Christianity was accepted as the normal thing. Their reverence for his priesthood had become unsuitably great, and in
their isolation from the outer world they thought every
foreigner a kind of priest and rendered him obeisance. They
took the ' Bonjour, Madame ' from the French naval officers —
on their rare visits — as a form of benediction. ' They knelt
to you too, did they, and you took no notice of them? Well,
I'll have to make some sort of explanation.'
With great modesty he disclaimed any credit for his great
success. It had been just a miraculous ending to his early
struggles. He had designed and built the church himself with
voluntary labour — a copy of his native village church in
Normandy. Once or twice a year he might get a visit from a
French man-of-war — this explained his wine — but otherwise
he never saw a foreigner. How often did he go on leave?
I went home to France some twenty years ago; since then I
have never left the island. Desire to go? Perhaps, but no
intention; I mean my bones to rest under the shadow of my
church and among my people.'
We were steaming down the Yangtsze in a large paddle-boat.
She was Chinese-owned, so on either bow was a large eye to
help her see the way. It was summer time and hot, and we lay
in long cane chairs beneath the awning, and read and dozed and
sometimes talked. Next to me was an American missionary
lady of uncertain age with whom I had thought I ought to hold
some conversation but so far had not done so. We were now
leaving the alluvial plain with the broad expanse of river and
were entering a narrow hill-girt passage — a strategic place with
modern forts. It was a spot where something very sad had
happened a little time before.
There was a Norwegian gunner, a shipmate with me in a
Customs cruiser, who, in his younger days, had been a hard
drinker. And then he got religion — got it very thoroughly —
became most extraordinarily reformed, and for years had been
a model character. In the Japanese war he had got appointed
to the fort and camp; later became, in effect, its commandant
with charge of a regiment of soldiers; and he married a Chinese
girl from a neighbouring mission station. A year or so later
he found her flagrante delicto with a Chinese sergeant. The
discovery so upset him that he took to drink once more. When
he recovered from the bout he was mad with remorse and
shame at his relapse; he fell in the regiment and formed a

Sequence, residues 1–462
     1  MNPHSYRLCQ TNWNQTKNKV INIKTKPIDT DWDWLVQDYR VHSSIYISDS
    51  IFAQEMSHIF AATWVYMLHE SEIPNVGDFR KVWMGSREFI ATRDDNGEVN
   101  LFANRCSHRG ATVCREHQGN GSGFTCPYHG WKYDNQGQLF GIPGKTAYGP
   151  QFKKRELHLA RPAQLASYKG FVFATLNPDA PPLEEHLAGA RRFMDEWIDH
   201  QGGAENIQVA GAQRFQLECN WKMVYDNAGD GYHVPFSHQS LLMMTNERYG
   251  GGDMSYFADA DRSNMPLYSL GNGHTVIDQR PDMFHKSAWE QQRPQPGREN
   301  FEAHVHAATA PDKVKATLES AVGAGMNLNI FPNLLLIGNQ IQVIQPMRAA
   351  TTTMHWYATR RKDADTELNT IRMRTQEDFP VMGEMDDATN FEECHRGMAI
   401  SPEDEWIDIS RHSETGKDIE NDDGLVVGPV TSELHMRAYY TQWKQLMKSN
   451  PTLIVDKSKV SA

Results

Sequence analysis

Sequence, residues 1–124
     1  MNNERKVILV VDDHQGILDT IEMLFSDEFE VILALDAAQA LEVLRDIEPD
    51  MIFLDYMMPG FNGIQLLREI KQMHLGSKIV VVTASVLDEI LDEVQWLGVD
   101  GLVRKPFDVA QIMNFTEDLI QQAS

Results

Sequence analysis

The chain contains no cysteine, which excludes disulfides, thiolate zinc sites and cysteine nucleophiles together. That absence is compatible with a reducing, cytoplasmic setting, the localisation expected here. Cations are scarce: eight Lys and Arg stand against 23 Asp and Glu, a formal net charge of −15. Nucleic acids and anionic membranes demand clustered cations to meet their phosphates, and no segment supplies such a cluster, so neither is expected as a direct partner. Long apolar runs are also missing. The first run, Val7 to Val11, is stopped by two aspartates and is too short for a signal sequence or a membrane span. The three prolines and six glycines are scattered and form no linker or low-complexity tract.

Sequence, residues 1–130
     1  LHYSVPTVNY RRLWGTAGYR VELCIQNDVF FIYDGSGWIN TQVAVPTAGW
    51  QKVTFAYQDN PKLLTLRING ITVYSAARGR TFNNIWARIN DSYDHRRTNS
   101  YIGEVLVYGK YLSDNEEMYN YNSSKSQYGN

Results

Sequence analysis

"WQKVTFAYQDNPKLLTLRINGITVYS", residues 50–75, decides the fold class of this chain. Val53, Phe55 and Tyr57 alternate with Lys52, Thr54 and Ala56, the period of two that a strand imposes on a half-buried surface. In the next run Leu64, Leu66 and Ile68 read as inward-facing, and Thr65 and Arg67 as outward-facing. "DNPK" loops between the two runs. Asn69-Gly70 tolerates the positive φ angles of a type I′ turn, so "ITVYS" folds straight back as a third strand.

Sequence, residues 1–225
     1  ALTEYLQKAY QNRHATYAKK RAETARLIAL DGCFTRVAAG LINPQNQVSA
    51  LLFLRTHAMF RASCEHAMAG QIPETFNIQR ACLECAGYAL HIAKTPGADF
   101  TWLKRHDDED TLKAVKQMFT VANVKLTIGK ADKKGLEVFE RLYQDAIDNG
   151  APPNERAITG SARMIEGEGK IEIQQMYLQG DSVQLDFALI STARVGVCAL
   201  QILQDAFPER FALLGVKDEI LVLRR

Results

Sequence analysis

square, and from the centre he lectured the men on sin and
expiation, and then he shot himself.
So here I found a topic for my neighbour. ` A very pathetic
tragedy happened in that fort a little time ago. Would you
care to hear about it ? ' This remark served to start a flow of
unpunctuated breathless speech, the purpose of the close
continuity of which was to avoid a loss of innings; but I
punctuate to make the reading easier.
Well, I guess there is no need to tell me about that. I guess
that there is nothing about it I don't know; but you call it
pathetic and I don't. I call it disgusting to get drunk like that
and then to shoot himself in public; most disgusting, and we
thought he was a real nice man. That makes it all the worse.
And that girl was such a nice little thing, and we expected from
them such an uplifting influence in the camp.' There was
ever so much more; that is but a sample.
When she had finished I told the story as I knew it. ` Well,
I guess you seem to know quite a lot about it. Perhaps you
are right. When I come to think about it we did not like the
way she left us after the shooting and did not come back. But
in any case, for that man to give way to temptation in that way
was a very, very disgusting thing.'
My dear lady, in the kind of life you lead, it seems to me
doubtful if you can know what real temptation is and how
irresistible it may be.'
Well, if it 's irresistible I guess I don't know about it, but
I think that is the excuse you men make for doing what you
want to.' And the lady snorted.
The subject is rather a delicate one, involved as it is liable
to be with primitive instincts and passions, but, if you will
allow me, I could present my view in a manner you would not
Go right straight ahead. There is nothing you can say will
hurt me. Let's have that view of yours.'
I will put it this way. Suppose it was a deadly sin to
scratch your nose, and if you did it you would surely go to hell;
and suppose that having got you in my power I tickled it with
a feather. You would wriggle and squirm your nose about and
so withstand the temptation for a time, but in the end you'd
scratch it and go to hell quite cheerfully.'
And we never spoke again.
Once more I was travelling on the Yangtsze in a Chinese
steamer. The accommodation for foreigners was in a house
upon the bridge deck. Beneath that deck was one long unpartitioned space in which many hundreds of native passengers
were carried. Some had bunks; others lay on the deck
surrounded by their bundles, and that deck was completely
covered by them. The air in that space was thick with human
fug and the reek of opium. Now I have always been an early
riser, so when, on the first morning of our journey, I found I
had slept until nine o'clock, I was very much astonished. I
opened the door and looked in the saloon. Facing me quite
close was a black-bearded priest. And here another puzzle.
He was looking at me with utmost sternness, and — a curious
combination — his nostrils were expanded and he stood sniffing
at the air. Then he spoke. ` Are not you — a foreigner —
ashamed to do such a thing ? I cannot avoid expressing my
disgust.' Of course I was flabbergasted at this wild and unprovoked attack, but obviously he was labouring under some
strange delusion, and my feeling was one of interest rather
than resentment. So I asked him what he meant; and
he explained. There was a smell of opium in the saloon;
he had traced it to my door just before I opened it; then from